It’s not that the authors of the books don’t mean it. They are often as surprised by the results of their research as anyone. They’re shocked to find balanced lives producing great businesses. It’s that the readers don’t believe. We read along and go, “Yeah, yeah, and what were those efficiency tips again? How is this going to meet my goals?”
Many of us have read about or know someone who has made a major life change. The high-powered person who had a heart attack and now spends more time with her grandchildren, the chronically sleepless person who gave up the rat race and now teaches in Africa, sleeping like a log under a mosquito net. What’s missing from all those stories is HOW. They’re cluttered up with before and after, with early horror and late bliss.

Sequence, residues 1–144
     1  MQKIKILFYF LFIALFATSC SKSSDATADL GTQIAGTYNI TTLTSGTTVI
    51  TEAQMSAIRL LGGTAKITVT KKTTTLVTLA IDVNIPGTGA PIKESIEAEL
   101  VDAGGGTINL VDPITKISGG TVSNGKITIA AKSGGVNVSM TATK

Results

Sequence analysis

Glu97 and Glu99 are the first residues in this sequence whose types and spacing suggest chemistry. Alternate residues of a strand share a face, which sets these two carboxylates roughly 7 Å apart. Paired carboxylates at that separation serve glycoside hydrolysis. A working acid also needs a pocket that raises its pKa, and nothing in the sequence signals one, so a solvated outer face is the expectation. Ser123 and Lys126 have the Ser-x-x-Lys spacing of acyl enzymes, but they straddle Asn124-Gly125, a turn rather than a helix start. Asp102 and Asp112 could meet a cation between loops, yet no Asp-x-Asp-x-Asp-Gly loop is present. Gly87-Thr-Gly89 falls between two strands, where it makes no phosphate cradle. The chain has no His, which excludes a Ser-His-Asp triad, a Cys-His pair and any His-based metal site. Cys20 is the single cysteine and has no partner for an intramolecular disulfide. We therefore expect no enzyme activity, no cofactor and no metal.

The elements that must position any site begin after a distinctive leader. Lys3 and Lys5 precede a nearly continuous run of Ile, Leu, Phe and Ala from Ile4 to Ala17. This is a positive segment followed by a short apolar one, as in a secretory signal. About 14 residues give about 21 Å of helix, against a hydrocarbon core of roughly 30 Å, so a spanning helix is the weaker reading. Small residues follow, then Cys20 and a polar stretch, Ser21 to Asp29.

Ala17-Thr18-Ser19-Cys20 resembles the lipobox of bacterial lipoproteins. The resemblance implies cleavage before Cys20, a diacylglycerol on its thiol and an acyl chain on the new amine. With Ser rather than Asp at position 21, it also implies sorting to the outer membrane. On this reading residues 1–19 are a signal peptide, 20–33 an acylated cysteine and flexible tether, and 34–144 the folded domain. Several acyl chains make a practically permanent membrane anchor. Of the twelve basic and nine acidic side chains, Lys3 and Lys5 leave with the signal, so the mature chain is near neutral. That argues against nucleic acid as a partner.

What I want to see is the messy middle, the part where someone had to do the math about what the job change was going to cost, where the friends and family had to adjust to a new way of being with their loved one. I want to see how tossing the unneeded parts worked. These books are full of case studies of just about everything else, why not this?
And yes, I do have an agenda. I’ve realized that it’s not enough for me to carve out my own balance, but that I need to help the rest of my colleagues toward it as well. This is my job, both as a human being and as an office goddess.